In Which Sun Swells the Peloton

Ever since returning from Nepal almost three months ago, I have had the misfortune to have been struck down with an extended bout of poor (aka abysmal) cycling form. Huge climbs like the “Col de Wandin” and the “Col d’Evelyn” on the Warby Trail that I used to be able to ride up at a heady 17 kph I now struggle to wobble up at 12 kph. While everyone would no doubt agree as to current form loss, where we disagree is to the best way to overcome such a handicap.

According to the old hard men of the peloton the only way to regain form is through long strenuous hours in the saddle. Since I figure that I know my own body better than anyone else, I prefer to follow my own approach, whereby a loss of form is to be tackled by getting more rest, eating more and reducing the length and frequency of rides. I have also decided to assist the process by ditching my Avanti and returning to my old spongy suspensioned, plastic pedalled and fat tyred Norco comfort bike. I have even deliberately not replaced the flat battery in the speedo – I don’t to be continually reminded of just how slow I am riding. It seems simple common sense that, if I wait long enough, I am sure that my previous legendary form will eventually return. If it doesn’t, at least I will have enjoyed myself in the meantime.

The past couple of mornings have been the coldest that Melbourne has endured for some years – so much for Global Warming. Each morning I have awoken to find my car hidden under a thick layer of white ice. The consolation has been that the afternoons are full of sunshine and clear blue skies. I determined that today I would get away on time (even if the phone was still ringing), eagerly anticipating a sunny afternoon on my favourite trail.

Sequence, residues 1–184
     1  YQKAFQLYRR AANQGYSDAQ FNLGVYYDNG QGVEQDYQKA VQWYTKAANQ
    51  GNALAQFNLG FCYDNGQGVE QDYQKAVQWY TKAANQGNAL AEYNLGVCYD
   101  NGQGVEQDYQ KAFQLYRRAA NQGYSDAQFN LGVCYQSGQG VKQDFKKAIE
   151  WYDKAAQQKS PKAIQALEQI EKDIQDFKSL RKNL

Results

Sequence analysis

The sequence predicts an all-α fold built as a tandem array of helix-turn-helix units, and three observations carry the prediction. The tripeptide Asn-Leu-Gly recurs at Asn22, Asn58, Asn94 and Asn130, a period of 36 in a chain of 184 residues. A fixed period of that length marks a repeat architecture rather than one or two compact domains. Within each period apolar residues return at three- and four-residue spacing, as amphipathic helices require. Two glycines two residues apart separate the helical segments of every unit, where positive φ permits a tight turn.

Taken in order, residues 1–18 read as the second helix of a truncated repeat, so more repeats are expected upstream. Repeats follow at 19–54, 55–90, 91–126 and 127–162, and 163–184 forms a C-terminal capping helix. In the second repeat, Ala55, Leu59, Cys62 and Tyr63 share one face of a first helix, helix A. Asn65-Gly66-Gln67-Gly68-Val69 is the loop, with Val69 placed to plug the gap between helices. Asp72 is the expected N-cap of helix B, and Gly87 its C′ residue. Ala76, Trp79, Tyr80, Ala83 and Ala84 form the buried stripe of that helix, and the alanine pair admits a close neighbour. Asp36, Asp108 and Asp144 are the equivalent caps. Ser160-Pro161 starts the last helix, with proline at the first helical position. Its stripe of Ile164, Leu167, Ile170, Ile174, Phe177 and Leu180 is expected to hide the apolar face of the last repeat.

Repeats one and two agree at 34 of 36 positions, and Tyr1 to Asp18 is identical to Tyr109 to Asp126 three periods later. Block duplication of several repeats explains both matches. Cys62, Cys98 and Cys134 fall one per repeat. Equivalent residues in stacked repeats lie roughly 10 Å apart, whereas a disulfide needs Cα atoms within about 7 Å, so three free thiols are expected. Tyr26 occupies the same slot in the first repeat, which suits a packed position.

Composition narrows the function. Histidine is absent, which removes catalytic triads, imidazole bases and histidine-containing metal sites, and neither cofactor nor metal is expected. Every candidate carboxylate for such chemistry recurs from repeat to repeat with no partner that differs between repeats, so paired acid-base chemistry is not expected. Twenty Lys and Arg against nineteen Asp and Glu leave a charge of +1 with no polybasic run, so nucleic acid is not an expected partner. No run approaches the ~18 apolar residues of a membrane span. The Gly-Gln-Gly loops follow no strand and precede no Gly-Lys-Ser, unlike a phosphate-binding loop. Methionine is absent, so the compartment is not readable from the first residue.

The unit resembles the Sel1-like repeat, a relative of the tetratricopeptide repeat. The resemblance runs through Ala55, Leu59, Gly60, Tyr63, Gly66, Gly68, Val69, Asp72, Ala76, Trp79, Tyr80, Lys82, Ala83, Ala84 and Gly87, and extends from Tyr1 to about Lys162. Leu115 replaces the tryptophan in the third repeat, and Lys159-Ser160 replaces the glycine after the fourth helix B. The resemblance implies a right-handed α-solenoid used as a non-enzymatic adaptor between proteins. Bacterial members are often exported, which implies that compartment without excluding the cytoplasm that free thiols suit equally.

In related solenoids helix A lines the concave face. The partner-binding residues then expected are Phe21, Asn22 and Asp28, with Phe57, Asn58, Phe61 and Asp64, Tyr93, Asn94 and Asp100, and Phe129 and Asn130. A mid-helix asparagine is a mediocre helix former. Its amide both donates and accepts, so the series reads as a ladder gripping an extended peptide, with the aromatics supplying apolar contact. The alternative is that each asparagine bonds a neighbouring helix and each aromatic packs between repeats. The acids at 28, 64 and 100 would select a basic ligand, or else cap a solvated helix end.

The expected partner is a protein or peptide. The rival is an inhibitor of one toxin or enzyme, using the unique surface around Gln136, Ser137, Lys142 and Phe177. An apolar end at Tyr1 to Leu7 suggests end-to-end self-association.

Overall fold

A look at the official annals of the group shows me that it is now over 7 years ago that John and I first started our Thursday rides on the Warburton Trail. On the very first ride, John set the tone by announcing for everyone within 200 metres to hear that “we are weckweational widers” (under no circumstances to be confused with testosterone charged ageing Tour de France wannabees). This is a proud tradition that has been maintained ever since.

On that first ride John and I never dreamed that so many others would want to join us on our little weekly jaunts along the trail. I have now lost count of the number of times I have been along the familiar path, but it has to be well over 300. And not once could I ever say that it has been boring. To the contrary I never cease to stop reminding myself just how privileged we are to have such a beautiful area right on our doorsteps.

Because the weather was just SO perfect I decided to kill several birds with the same stone. I left the office with the bike strapped on the car and my cycling clothes underneath my “work” clothes. Since I had a couple of jobs to do in the general area of Woori Yallock my plan was to head straight off to the ride as soon as the mundane stuff was completed. To my relief I actually finished in double quick time and arrived at Woori Yallock at 11.15 am. This gave me ample time to ride to Mt Evelyn and half way down the hill to Lilydale where I met Bill coming in the opposite direction.